Mesoscale Meteorology: Cloud and Precipitation Bands

R. M. Rauber, M. Ramamurthy

Research output: Chapter in Book/Report/Conference proceedingChapter


Synopsis: The term 'precipitation band' describes an area of precipitation that originates from updrafts that are either nonconvective or weakly convective, and is sufficiently elongated that an orientation can be assigned. Precipitation bands are common within extratropical and tropical cyclones, and also develop along topographical and geographical features, such as mountains, islands, coastlines, and lake shores. The taxonomy used to classify precipitation bands derives from radar studies of precipitation structures in various areas of the world. Precipitation bands commonly form as the result of frontogenesis, deformation flow, moist symmetric instability, boundary-layer convergence, gravity waves, topographic effects, and seeder-feeder processes.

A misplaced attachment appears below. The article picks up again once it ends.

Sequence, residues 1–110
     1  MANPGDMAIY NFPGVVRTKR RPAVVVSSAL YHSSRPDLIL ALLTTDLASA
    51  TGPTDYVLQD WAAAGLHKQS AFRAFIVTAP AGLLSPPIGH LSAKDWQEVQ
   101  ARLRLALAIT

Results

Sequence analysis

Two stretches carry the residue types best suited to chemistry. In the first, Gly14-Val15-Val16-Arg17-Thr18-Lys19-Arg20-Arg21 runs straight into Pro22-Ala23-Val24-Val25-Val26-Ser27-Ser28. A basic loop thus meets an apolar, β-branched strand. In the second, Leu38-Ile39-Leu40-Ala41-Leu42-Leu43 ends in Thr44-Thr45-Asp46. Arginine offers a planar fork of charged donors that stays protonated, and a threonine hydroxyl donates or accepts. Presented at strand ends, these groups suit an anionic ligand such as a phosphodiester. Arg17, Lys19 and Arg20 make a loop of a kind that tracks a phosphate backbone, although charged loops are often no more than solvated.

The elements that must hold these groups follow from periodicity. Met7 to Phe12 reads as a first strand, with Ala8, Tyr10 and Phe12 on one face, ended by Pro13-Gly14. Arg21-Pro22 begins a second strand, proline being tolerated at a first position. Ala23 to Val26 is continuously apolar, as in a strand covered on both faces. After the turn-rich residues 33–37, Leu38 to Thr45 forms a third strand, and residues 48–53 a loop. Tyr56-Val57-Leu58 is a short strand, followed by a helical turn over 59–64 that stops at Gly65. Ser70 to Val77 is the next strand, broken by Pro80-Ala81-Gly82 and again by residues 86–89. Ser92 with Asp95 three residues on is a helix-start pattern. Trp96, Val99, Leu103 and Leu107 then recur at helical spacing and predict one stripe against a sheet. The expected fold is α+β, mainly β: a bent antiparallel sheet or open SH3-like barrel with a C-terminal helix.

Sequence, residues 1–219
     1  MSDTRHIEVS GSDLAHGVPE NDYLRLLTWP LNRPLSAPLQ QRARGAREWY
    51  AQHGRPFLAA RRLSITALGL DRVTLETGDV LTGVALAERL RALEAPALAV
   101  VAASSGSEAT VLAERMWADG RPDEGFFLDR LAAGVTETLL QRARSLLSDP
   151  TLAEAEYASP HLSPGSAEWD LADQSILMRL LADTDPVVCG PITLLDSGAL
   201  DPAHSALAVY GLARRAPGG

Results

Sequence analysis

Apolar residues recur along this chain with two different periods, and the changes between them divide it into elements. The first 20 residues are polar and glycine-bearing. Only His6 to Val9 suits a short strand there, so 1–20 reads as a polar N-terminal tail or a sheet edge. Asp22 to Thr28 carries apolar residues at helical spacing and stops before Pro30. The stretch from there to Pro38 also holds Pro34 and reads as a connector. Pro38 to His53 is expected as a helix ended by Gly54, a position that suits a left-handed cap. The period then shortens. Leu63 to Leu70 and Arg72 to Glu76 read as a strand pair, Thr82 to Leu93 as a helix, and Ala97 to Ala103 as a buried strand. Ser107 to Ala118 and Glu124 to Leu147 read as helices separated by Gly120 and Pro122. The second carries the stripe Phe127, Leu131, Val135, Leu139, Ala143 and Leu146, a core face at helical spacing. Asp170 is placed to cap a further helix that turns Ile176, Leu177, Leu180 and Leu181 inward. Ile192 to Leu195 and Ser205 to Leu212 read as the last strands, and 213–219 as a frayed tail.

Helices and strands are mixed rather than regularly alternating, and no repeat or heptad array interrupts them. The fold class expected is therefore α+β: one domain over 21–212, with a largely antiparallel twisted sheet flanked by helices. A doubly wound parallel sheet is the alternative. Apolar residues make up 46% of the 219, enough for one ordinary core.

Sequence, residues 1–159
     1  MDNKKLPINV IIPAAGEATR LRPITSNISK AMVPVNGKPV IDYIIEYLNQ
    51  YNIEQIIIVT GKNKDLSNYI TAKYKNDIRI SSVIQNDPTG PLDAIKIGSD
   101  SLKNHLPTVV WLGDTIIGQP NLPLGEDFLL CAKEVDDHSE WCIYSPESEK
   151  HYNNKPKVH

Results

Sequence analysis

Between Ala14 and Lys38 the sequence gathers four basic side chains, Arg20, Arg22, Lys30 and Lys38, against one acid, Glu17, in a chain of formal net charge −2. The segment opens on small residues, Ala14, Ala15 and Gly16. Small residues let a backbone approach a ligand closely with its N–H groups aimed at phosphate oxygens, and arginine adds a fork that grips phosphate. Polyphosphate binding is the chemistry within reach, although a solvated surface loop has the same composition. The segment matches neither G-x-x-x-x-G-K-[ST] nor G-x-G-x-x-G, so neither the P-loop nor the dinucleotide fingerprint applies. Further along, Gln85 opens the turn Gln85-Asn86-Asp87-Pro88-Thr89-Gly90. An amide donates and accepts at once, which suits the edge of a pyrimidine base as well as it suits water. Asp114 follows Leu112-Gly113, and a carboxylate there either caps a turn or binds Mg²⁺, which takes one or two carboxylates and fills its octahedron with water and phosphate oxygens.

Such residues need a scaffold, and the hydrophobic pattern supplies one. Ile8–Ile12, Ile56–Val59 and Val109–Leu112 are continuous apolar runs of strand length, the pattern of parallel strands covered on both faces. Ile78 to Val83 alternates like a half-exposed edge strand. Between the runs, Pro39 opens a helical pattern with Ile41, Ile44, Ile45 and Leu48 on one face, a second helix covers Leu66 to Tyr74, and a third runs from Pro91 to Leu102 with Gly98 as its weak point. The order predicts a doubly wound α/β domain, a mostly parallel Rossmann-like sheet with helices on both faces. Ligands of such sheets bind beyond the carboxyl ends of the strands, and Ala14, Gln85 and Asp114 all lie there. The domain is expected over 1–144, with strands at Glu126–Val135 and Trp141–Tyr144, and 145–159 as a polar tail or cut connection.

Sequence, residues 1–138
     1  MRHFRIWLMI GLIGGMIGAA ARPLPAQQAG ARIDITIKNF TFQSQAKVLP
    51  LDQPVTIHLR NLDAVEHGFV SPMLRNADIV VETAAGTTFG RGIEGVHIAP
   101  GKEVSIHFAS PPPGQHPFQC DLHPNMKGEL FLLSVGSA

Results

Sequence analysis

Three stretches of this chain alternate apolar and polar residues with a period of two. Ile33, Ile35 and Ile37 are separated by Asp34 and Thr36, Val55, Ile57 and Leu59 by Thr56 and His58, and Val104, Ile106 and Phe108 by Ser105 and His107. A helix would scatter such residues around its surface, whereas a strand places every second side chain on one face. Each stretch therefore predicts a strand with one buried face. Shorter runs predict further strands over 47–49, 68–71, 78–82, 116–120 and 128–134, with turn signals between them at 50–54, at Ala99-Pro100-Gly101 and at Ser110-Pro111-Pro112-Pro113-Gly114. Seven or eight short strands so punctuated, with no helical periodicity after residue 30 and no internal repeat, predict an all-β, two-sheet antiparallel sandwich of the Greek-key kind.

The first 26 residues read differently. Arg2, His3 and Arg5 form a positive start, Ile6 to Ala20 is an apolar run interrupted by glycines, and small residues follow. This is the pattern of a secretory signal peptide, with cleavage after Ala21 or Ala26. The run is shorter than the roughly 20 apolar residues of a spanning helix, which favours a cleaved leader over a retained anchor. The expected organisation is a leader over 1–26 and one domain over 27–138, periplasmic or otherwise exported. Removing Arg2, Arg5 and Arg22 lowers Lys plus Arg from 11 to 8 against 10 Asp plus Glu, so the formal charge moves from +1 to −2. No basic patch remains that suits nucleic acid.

Original languageEnglish (US)
Title of host publicationEncyclopedia of Atmospheric Sciences
Subtitle of host publicationSecond Edition
PublisherElsevier Inc.
Number of pages8
ISBN (Electronic)9780123822260
ISBN (Print)9780123822253
StatePublished - 2015


  • Banded structure
  • Bands
  • Clouds
  • Convection
  • Convective storms
  • Cyclones
  • Ducted gravity waves
  • Embedded bands
  • Frontogenesis
  • Fronts
  • Hurricanes
  • Lake-effect storms
  • Land/sea breeze
  • Mesoscale meteorology
  • Moist symmetric instability
  • Precipitation
  • Radar
  • Rainbands
  • Snowbands
  • Squall line

ASJC Scopus subject areas

  • General Physics and Astronomy


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